Native Delaware: World of color
Learn about native color in the garden at UD lecture planned Sept. 4
9:22 a.m., Aug. 21, 2012--Get John Frett and Lyons talking about color in the garden and (good-natured) sparks are sure to fly.
Frett is a connoisseur of a “refined” color palette. Director of the University of Delaware Botanic Gardens, Frett gets more enthused about the form, texture and structure of a plant than the shade of its blooms. In contrast, when it comes to color, Lyons’ motto is “bring it on.”
Popcorn and probability
“You should see the containers on my front porch,” says Lyons, director of UD’s Longwood Graduate Program in Public Horticulture. “Oranges, yellows, reds, blues, purples – I’ve got every flower color imaginable. I’m not into the bland stuff, like some people are.”
“Bob is all about ‘in-your-face color,’” retorts Frett with a chuckle.
Although they enjoy tongue-in-cheek needling, Frett and Lyons also respect each other’s talents and sensibilities. So when Frett needed an expert to talk about color in the landscape, he looked no farther than Lyons, who has lectured widely on the subject.
Lyons will present “The Color of the Native Plant Palette … and other Related Thoughts” on Sept. 4 in UD’s Townsend Hall. A kick-off event for the annual UD Botanic Gardens Fall Plant Sale, the talk will focus on readily available herbaceous plants that pack a wallop of color.
Like the spiky, show-stopping red blooms of cardinal flower. Or, the bright yellow flower heads of sunflower, which can extend a foot in diameter, on plants that are 12 feet tall. Or, the vibrant, tangerine-orange blooms of butterfly weed.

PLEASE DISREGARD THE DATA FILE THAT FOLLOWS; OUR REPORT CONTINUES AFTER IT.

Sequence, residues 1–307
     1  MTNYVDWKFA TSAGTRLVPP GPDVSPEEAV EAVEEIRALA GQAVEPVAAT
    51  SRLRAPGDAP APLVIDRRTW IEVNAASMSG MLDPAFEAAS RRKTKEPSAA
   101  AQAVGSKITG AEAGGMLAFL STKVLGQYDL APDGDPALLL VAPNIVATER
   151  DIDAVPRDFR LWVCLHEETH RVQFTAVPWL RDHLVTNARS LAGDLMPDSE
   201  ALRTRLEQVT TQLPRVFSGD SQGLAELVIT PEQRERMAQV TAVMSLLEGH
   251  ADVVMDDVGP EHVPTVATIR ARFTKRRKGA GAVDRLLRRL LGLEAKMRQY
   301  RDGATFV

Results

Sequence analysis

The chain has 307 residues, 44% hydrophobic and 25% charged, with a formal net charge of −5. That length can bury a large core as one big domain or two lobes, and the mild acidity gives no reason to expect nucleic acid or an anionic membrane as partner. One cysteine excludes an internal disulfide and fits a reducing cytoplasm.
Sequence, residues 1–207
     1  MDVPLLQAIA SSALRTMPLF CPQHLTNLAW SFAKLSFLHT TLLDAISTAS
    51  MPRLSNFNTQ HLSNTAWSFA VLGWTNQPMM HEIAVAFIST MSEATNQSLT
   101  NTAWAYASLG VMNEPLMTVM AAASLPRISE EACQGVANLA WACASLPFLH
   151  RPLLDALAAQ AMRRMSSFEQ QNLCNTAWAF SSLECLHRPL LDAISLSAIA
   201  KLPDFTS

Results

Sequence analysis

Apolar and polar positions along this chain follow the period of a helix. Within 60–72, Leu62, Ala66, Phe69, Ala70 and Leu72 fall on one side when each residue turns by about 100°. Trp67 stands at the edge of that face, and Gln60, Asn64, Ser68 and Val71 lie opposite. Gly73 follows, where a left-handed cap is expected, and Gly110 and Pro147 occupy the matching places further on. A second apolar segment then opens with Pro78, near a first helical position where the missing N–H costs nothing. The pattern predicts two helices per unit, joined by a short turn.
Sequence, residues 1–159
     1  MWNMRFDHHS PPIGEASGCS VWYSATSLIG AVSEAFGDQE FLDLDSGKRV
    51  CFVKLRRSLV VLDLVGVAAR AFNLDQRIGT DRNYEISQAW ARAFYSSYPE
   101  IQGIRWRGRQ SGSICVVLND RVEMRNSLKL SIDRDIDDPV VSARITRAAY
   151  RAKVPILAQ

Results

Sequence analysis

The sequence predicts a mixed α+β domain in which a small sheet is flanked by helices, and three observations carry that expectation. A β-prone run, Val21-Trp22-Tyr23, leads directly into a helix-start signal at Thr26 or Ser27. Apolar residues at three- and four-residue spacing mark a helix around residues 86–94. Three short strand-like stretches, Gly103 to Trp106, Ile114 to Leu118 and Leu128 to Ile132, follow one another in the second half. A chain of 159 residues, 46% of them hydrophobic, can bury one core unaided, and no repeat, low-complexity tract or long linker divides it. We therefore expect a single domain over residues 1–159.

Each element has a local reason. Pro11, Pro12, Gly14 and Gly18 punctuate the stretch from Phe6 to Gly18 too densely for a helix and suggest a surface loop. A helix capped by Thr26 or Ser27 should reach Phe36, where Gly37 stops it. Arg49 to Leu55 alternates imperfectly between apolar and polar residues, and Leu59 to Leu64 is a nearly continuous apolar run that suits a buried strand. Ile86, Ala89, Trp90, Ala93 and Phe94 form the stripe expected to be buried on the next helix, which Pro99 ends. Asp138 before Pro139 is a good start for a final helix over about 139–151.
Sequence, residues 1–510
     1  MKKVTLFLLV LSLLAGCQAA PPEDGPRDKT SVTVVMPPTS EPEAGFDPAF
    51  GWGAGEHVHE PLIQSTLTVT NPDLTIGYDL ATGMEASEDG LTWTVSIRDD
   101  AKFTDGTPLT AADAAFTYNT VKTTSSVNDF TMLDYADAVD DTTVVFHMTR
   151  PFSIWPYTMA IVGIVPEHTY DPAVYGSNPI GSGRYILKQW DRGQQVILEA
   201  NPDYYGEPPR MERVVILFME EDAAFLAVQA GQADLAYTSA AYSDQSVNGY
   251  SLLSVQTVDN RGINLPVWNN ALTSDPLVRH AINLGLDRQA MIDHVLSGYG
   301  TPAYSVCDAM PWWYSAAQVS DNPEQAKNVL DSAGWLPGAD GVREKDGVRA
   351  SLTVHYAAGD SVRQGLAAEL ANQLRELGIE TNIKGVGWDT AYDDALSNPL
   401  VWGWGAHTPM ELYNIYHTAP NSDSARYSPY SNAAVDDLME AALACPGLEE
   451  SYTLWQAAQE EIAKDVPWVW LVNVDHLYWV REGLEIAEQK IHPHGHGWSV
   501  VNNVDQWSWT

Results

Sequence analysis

What’s more, this panoply of color comes from plants that are native to Delaware.
“Some people think that the exciting colors are only found on exotic plants and that blandness reigns in the world of natives,” says Lyons. “But bright color can be achieved with many northeastern U.S. native herbaceous species and other North American species.”
After his house burned to the ground two years ago, Lyons decided to re-build on the same site and has focused his time ever since on the reconstruction project. As a result, some invasives, including Japanese knotweed, have made inroads into his yard. This summer -- his first in the new home – Lyons has plunged into revitalizing his garden.
To satisfy his craving for color, he has planted native varieties of azalea and hibiscus as well as alumroot, Joe Pye weed and butterfly weed. A small meadow, predominantly of wildflowers, will be planted this fall. Lyons hopes to feature a jumble of hues, from the purples and lavenders of New England aster to coreopsis, in shades of lemon and butter yellow. Closer to the house, Lyons’ garden becomes more intensely cultivated, with pops of color from native perennials such as Indian Pink (Spigelia marilandica), which has bright red and yellow blooms.
Lyons also uses annuals for a blast of color. He selects non-natives, such as petunias, geraniums and impatiens, as well as annuals native to Delaware, including Black-eyed Susan and coreopsis.
Lyons’ Sept. 4 lecture will feature plenty of photos of brightly hued private and public gardens. He’ll also present info about the “fast trackers” – those new hybrid varieties of natives notable for their color. Indian Summer Rudbecka and Sunrise Echinacea are two such “current darlings of the industry,” says Lyons.
The lecture will begin at 7 p.m. Admission is $5 for members of the UD Botanic Garden Friends group; $10 for nonmembers. The plant sale will be held Sept. 7, 4 p.m.-7 p.m., and Sept. 8, 8 a.m.- 11 a.m. To register for the lecture, or for more info about either event, call 831-0153.
Article by Margo McDonough
Photos by Danielle Quigley